The video of the Perseverance landing showed the rover descending into a cloud of dust kicked up by the landing rockets. This is not surprising, but I always had the understanding that one of the reasons for the sky crane approach was to avoid precisely that. I realize there were other reasons. This Wikipedia entry gives a good overview, and this news article actually doesn't even mention the dust issue as a main reason.

So, I'm curious - was there more dust than expected? And was avoiding dust spray (say, avoiding even worse dust than they got) a significant engineering consideration?

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    $\begingroup$ Avoiding plume/surface interaction was a definite concern; a meteorological sensor on MSL was damaged by debris thrown up from the surface bbc.com/news/science-environment-19338870 $\endgroup$ Commented Feb 28, 2021 at 1:31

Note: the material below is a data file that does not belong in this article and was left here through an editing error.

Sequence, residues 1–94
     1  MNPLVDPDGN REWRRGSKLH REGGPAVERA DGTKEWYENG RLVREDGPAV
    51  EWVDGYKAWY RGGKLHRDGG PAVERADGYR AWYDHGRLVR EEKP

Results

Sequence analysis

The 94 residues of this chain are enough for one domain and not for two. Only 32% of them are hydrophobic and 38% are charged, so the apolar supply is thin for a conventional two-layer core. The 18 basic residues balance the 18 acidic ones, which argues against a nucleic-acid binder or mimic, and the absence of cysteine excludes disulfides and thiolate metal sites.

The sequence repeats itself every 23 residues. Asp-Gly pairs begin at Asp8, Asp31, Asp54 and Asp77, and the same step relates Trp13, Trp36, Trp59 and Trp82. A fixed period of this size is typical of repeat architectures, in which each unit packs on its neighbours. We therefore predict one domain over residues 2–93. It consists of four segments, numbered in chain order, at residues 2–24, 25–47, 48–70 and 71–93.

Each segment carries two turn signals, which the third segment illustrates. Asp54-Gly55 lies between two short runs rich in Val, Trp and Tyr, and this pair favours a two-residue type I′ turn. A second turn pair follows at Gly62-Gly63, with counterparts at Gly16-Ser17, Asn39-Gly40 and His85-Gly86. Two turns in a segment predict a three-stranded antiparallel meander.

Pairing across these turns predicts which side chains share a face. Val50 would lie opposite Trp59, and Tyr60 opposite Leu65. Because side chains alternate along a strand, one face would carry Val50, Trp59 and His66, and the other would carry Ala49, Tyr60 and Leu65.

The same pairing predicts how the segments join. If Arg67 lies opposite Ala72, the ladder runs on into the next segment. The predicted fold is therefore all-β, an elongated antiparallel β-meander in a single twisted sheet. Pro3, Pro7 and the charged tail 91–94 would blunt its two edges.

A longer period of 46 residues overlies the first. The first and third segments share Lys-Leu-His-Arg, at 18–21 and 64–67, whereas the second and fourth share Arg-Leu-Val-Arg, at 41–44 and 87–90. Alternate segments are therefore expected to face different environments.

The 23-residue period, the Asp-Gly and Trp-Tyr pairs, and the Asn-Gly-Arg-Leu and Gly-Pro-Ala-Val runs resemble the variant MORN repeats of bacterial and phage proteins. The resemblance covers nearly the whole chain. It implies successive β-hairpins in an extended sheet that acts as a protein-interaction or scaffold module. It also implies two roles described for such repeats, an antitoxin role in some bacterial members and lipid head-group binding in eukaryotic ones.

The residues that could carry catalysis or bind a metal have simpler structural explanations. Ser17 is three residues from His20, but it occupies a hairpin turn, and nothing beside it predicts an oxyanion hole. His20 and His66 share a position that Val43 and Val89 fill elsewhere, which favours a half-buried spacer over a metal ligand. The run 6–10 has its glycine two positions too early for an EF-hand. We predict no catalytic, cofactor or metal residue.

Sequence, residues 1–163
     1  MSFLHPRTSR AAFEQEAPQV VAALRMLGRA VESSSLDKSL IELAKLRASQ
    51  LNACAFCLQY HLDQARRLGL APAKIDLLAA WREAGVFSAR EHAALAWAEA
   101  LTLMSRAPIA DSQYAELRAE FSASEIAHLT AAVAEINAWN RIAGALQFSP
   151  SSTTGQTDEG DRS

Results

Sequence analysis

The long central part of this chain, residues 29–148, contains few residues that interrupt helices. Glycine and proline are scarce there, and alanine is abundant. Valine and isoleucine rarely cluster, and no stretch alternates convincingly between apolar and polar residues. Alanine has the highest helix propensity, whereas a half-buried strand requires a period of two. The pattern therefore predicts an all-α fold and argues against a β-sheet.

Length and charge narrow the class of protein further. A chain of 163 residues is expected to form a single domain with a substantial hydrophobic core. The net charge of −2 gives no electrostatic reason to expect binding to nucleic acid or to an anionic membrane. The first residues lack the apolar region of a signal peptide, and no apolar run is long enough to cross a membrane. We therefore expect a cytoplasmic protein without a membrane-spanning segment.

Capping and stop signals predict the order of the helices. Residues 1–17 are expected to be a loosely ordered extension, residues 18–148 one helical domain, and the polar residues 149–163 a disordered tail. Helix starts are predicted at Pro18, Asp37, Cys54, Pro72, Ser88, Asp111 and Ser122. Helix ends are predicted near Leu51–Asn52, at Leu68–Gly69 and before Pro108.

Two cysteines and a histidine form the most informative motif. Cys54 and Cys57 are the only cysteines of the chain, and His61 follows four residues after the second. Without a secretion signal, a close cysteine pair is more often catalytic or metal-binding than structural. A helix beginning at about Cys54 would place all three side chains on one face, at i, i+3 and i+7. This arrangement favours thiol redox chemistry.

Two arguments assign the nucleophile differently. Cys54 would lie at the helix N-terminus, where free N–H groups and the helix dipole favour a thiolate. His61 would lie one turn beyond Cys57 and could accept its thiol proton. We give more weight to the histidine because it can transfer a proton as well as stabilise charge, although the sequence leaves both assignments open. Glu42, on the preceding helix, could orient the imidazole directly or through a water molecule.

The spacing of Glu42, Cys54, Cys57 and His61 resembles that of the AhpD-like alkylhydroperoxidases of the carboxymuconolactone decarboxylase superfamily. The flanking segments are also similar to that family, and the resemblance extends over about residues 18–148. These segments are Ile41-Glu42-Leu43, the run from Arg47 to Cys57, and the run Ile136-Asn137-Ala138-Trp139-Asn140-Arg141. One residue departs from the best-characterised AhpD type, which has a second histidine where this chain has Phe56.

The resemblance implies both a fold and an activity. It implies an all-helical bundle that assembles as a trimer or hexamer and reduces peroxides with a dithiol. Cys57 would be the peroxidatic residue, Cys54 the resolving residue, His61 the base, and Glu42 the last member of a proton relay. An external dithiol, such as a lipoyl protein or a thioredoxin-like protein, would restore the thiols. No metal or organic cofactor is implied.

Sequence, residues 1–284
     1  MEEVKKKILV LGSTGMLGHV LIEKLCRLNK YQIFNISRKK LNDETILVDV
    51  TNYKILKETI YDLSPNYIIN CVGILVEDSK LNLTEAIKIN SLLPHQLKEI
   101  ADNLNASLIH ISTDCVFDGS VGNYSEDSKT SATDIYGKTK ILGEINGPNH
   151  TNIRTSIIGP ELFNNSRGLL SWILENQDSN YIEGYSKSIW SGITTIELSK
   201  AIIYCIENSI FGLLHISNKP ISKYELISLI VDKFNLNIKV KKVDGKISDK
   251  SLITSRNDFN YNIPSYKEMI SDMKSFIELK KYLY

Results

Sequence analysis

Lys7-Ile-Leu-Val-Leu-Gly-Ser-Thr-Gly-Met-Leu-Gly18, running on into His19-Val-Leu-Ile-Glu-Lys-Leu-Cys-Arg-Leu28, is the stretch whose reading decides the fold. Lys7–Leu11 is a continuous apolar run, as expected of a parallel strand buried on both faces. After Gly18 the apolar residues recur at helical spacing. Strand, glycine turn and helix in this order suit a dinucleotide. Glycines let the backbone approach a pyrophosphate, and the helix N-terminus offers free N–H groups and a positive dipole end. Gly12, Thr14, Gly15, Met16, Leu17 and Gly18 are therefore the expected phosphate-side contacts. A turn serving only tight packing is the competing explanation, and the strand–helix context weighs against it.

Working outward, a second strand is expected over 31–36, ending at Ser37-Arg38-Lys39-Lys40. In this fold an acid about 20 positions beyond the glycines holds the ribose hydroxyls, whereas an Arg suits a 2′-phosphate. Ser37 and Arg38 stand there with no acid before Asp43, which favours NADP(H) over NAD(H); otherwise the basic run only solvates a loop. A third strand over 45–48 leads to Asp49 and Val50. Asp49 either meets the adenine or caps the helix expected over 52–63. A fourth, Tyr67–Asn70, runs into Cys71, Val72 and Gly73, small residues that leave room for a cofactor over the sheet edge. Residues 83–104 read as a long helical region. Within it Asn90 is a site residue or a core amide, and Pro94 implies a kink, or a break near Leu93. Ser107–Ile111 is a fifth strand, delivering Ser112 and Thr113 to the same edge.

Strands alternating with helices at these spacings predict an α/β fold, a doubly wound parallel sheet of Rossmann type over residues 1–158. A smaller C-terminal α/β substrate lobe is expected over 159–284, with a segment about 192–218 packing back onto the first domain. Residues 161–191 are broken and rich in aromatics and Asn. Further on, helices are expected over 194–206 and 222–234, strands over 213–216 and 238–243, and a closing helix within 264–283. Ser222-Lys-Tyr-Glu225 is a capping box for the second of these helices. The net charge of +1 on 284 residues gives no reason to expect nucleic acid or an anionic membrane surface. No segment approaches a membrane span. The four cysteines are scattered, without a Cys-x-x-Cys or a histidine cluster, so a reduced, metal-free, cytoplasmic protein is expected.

• $\begingroup$ I think this is a question that can really only be answered by someone with access to information about what they expected unfortunately (that doesn't make it a bad question, although it may make it hard to answer). Certainly making the landing survivable was a significant consideration. $\endgroup$
    – user21103
    Commented Feb 28, 2021 at 11:16
  • $\begingroup$ I think the goal was to avoid damage be big debris. Dust should not have been too big a concern (except for navigation cameras on the crane) for the rover as it's not solar powered. It seems, that the goal of "no damage by debris" was not 100% successfull tough. $\endgroup$
    – TrySCE2AUX
    Commented Jul 14, 2022 at 4:47


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